The ultimate hypocrisy in Bush’s proclamation that he stands for improved international relations while Chavez opposes “freedom in individual lives” came at Bush’s last stop in Panama. There in an effort to rebuff international criticism of the secret U.S. prison system abroad used to detain and torture alleged terrorism suspects, Bush stated he would continue to “aggressively pursue” terror suspects and insisted that “any activity we conduct” is “lawful.” Small wonder Chavez labels the Bush regime a “terrorist administration” that is a “threat to humanity.”

ROGER BURBACH is director of the Center for the Study of the Americas (CENSA) and a Visiting Scholar at the Institute of International Studies, University of California, Berkeley. He is co- author with Jim Tarbell of “Imperial Overstretch: George W. Bush and the Hubris of Empire,” He released late last year “The Pinochet Affair: State Terrorism and Global Justice.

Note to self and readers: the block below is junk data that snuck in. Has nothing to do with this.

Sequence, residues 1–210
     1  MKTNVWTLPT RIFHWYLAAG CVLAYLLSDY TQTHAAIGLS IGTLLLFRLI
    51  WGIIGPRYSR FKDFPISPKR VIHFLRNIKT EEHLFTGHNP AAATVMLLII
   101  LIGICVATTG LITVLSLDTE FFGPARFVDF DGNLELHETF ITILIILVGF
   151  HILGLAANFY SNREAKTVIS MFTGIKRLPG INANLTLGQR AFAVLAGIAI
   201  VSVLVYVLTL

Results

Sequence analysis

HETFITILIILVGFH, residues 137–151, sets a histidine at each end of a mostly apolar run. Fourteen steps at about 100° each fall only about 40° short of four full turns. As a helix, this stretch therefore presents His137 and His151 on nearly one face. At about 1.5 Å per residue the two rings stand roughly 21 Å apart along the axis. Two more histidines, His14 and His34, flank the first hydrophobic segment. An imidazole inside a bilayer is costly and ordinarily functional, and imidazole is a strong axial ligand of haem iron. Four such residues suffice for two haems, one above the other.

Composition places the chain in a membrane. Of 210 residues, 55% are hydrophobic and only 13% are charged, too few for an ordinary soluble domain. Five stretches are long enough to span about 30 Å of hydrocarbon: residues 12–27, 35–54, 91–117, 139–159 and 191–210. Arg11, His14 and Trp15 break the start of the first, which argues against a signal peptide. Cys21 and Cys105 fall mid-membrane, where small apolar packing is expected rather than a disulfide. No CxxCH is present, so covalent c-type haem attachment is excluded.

More articles by:

ROGER BURBACH is the director of the Center for the Study of the Americas (CENSA) and a Visiting Scholar at the University of California, Berkeley and author of The Pinochet Affair.

December 12, 2018
Arshad Khan
War, Anniversaries and Lessons Never Learned
Paul Street
Blacking Out the Yellow Vests on Cable News: Corporate Media Doing its Job
Kenneth Surin
The Brexit Shambles Rambles On
David Schultz
Stacking the Deck Against Democracy in Wisconsin
Steve Early
The Housing Affordability Crisis and What Millennials Can do About It
George Ochenski
Collaboration Failure: Trump Trashes Sage Grouse Protections
Rob Seimetz
Bringing a Life Into a Dying World: A Letter From a Father to His Unborn Son
Michael Howard
PETA and the ‘S’-Word
John Kendall Hawkins
Good Panopt, Bad Panopt: Does It Make A Difference?
Kim C. Domenico
Redeeming Utopia: a Meditation On An Essay by Ursula LeGuin
Binoy Kampmark
Exhuming Franco: Spain’s Immemorial Divisions
ADRIAN KUZMINSKI
Democratizing Money
Laura Finley
Congress Must Reauthorize VAWA
December 11, 2018
Eric Draitser
AFRICOM: A Neocolonial Occupation Force?
Sheldon Richman
War Over Ukraine?
Louis Proyect
Why World War II, Not the New Deal, Ended the Great Depression
Howard Lisnoff
Police Violence and Mass Policing in the U.S.
Mark Ashwill